With little more than 2 1/2 months remaining in Brian’s Air Force career, we have both been hit with the realization that this is not just a job we’re leaving. We’re not merely moving to a new city or a different house. We’re leaving behind a lifestyle. We’re saying goodbye to a community that we’ll never really be a part of again. Sure, Brian is and always will be a veteran, but there’s a different camaraderie amongst active duty service members and their families.
And while this change is 100% what we want for our marriage and for our kids, the bitter part of the bittersweetness hit us both last Friday night like a ton of bricks.
Or like 50 cannon blasts and an amazing fireworks display.
Nearly one year ago, Brian and I made the commitment to maintain a weekly date night with each other in order to make time for our marriage and to give us approximately 4-6 hours every week where we don’t have to worry about cleaning up another human being’s feces or vomit.
Oh, sorry. You’re not eating, are you?
I almost always plan our date night activities because Brian never cares where we go “as long as we can be together.”
[Okay, NOW I’m going to be sick.]
As I mentioned several weeks ago, Brian is voluntarily separating from the Air Force this fall, and we are in the process of looking for a job, looking for a house, and moving out of our current house here on Fort Leavenworth. In addition Brian is working longer hours this week while I’m wrangling a 2-, 3-, and 4-year-old in 90 degree heat with 337% humidity.
Anxiety cocktail, anyone?
Long before Brian and I had children, one of my absolute favorite TV shows was Supernanny. This was a reality program where a female, British nanny named Jo observed the dysfunction in a household and then coached the parents on how to undo years of bad habits they have instilled in their children. Shows like Supernanny are simultaneously hilarious and disturbing to people without children. Brian and I would sit there — in all our childless naïveté — and bemoan the parental failure on public display.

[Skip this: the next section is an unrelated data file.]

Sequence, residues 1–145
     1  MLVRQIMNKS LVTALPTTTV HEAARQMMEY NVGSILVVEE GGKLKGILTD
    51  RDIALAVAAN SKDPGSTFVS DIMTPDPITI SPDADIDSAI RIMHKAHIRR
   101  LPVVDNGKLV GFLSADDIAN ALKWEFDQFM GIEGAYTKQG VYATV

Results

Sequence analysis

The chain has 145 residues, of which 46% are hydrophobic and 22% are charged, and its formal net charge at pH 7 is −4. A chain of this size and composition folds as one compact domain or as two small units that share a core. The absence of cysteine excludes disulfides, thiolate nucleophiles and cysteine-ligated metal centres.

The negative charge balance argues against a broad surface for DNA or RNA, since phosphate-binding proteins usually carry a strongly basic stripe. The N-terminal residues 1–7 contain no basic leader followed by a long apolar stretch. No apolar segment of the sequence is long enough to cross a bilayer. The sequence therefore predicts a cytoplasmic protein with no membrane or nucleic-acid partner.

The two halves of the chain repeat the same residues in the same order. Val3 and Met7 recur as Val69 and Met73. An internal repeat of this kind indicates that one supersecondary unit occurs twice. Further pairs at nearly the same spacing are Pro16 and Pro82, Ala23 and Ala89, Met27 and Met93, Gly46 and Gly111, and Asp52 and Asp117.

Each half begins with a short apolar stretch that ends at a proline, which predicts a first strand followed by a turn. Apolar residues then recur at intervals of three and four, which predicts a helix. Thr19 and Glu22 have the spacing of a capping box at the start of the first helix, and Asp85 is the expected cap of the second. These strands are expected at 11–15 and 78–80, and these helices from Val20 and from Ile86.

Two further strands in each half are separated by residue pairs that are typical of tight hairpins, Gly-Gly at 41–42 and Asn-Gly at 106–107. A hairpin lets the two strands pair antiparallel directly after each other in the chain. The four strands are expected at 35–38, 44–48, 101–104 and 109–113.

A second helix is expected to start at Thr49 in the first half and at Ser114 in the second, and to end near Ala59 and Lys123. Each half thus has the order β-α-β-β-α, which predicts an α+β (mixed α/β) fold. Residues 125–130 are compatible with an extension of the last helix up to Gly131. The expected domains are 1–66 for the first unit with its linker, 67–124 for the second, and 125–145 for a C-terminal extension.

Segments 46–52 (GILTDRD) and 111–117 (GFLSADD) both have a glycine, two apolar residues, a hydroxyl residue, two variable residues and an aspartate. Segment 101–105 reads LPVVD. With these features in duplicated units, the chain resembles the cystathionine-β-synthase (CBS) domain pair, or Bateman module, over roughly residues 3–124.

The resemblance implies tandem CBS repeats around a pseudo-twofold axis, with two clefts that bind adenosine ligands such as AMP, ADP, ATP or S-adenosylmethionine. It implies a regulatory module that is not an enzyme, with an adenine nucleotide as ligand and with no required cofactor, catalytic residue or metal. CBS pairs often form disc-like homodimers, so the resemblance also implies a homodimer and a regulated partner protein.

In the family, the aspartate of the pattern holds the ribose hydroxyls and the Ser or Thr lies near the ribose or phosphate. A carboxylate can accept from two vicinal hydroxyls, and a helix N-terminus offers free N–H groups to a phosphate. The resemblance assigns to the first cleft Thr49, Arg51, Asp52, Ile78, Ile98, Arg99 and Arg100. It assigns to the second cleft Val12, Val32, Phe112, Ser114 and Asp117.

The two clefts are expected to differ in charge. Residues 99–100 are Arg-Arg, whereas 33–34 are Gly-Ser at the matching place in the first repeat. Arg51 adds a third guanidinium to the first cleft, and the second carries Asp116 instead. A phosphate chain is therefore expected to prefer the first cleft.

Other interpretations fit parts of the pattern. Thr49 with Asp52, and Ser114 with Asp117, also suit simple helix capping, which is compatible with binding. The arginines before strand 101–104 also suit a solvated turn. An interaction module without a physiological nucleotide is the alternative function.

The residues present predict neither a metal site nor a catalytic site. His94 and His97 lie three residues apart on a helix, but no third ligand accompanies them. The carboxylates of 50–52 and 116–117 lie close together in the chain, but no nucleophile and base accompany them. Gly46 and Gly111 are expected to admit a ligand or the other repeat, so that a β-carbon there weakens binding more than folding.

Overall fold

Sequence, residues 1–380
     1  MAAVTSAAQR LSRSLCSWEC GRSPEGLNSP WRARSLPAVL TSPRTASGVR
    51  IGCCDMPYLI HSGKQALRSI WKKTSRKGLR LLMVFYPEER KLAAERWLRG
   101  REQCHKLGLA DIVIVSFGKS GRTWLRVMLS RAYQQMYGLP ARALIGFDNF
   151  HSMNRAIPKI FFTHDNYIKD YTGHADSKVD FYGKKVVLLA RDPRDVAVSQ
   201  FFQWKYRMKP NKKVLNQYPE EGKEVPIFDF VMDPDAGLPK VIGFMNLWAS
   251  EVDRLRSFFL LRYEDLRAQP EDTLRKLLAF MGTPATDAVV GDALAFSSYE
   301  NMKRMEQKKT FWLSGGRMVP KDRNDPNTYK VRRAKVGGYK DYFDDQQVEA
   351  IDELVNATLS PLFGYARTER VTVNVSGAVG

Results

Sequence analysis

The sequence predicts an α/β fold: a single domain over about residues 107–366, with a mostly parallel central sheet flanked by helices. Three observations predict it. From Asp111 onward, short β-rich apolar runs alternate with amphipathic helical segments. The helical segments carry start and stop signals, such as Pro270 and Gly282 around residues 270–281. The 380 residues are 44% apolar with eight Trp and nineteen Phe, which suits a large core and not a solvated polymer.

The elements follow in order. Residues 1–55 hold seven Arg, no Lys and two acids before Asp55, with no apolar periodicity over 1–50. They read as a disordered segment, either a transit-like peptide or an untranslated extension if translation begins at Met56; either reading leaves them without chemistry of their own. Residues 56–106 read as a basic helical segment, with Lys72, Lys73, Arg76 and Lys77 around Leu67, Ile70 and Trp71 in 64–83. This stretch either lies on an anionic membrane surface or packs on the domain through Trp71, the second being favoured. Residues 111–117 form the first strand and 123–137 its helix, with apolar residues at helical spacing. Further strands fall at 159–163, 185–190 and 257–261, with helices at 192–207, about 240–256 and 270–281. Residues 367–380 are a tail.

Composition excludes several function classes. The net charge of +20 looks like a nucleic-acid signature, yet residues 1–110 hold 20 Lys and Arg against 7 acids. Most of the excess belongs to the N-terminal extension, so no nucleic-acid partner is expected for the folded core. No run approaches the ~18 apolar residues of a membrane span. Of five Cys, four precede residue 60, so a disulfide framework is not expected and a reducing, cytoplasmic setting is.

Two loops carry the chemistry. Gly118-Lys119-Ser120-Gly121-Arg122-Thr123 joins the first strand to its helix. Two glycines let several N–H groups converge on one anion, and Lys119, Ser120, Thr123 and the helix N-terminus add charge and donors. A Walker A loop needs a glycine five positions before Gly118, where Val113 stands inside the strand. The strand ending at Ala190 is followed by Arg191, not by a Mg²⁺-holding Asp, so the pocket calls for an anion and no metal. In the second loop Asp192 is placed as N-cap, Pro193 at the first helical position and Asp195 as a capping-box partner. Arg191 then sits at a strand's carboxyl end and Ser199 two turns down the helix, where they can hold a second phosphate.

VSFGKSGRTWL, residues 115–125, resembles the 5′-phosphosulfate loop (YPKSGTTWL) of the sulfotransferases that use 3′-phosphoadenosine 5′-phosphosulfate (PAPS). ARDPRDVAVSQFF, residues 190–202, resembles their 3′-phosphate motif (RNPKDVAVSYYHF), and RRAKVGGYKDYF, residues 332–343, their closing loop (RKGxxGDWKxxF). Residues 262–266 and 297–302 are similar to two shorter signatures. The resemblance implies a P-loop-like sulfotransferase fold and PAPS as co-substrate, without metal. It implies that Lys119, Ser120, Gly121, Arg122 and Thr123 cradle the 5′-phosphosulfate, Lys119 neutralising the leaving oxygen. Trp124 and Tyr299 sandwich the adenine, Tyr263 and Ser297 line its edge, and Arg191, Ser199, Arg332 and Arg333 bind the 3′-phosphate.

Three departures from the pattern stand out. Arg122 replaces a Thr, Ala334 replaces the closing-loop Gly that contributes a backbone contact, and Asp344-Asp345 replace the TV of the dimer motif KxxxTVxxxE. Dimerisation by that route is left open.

I mentioned on my various social media accounts yesterday that JJ, our 4-year-old, wished Brian a very happy “Fodder’s Day.”
It’s almost like he knew about this blog and that Brian provides me with an infinite amount of fodder for it.
I got a text Tuesday from a friend and loyal blog reader asking if everything is okay here in the Land of Milk and Hotdogs. I suppose my absence from the blog for more than a week throws up red flags. The truth is that my heart has been so heavy this past week that I didn’t even know where to begin. Still, I’d like to share what God has taught us in the midst of a devastating family tragedy.
The next time someone asks me what I do for a living, I’m going to pull out the following photo and show it to them.
I’m a mommy blogger. So, I basically force my husband and kids to do fun things with me so I can blog about them.
No, I’m not pregnant.
Just wanted to answer that question before you even have time to ask it. Trust me, when/if I’m pregnant again, you will immediately see shares of Krispy Kreme soar 800 percent.
Give or take.
This BIG news is not quite as life-altering as giving birth, but it is (in my experience) no less stressful. By the way “stressful” for me is both exciting/fun and terrifying at the same time. I actually enjoy a certain level of stress in my life.
Probably because I just love the taste of Pepcid.
Y’all may remember last year’s string of hypochondriacal posts like the one where I diagnosed myself with Bleeding Esophageal Varices and the one where I told you about my embarrassing trip to the ER. These are still two of my favorite video posts of all time. Probably because they’re both incredibly melodramatic and also exactly what happens inside my brain when I allow myself to visit WebMD without a chaperone.
It’s like unleashing a monkey inside a banana store.
[With metaphors like that, I can’t believe Katy hasn’t won a Pulitzer yet.]
If only they had a “blogging” category.